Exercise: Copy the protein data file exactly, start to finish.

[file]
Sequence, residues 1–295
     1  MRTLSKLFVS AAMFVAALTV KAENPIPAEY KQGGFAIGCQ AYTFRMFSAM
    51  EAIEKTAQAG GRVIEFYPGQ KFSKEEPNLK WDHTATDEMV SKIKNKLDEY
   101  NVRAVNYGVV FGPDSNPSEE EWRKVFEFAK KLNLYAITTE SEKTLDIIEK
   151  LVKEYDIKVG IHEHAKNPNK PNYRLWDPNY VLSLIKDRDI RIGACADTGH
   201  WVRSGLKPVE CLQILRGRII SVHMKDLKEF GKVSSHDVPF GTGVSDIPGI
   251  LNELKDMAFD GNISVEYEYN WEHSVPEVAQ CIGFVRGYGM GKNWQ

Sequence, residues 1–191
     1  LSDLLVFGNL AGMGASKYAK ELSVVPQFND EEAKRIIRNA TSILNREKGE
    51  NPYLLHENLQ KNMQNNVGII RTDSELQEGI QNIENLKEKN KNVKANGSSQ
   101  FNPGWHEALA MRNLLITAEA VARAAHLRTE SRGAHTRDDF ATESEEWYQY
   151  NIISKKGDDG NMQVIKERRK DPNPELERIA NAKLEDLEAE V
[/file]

Sequence, residues 1–295
     1  MRTLSKLFVS AAMFVAALTV KAENPIPAEY KQGGFAIGCQ AYTFRMFSAM
    51  EAIEKTAQAG GRVIEFYPGQ KFSKEEPNLK WDHTATDEMV SKIKNKLDEY
   101  NVRAVNYGVV FGPDSNPSEE EWRKVFEFAK KLNLYAITTE SEKTLDIIEK
   151  LVKEYDIKVG IHEHAKNPNK PNYRLWDPNY VLSLIKDRDI RIGACADTGH
   201  WVRSGLKPVE CLQILRGRII SVHMKDLKEF GKVSSHDVPF GTGVSDIPGI
   251  LNELKDMAFD GNISVEYEYN WEHSVPEVAQ CIGFVRGYGM GKNWQ

Sequence, residues 1–191
     1  LSDLLVFGNL AGMGASKYAK ELSVVPQFND EEAKRIIRNA TSILNREKGE
    51  NPYLLHENLQ KNMQNNVGII RTDSELQEGI QNIENLKEKN KNVKANGSSQ
   101  FNPGWHEALA MRNLLITAEA VARAAHLRTE SRGAHTRDDF ATESEEWYQY
   151  NIISKKGDDG NMQVIKERRK DPNPELERIA NAKLEDLEAE V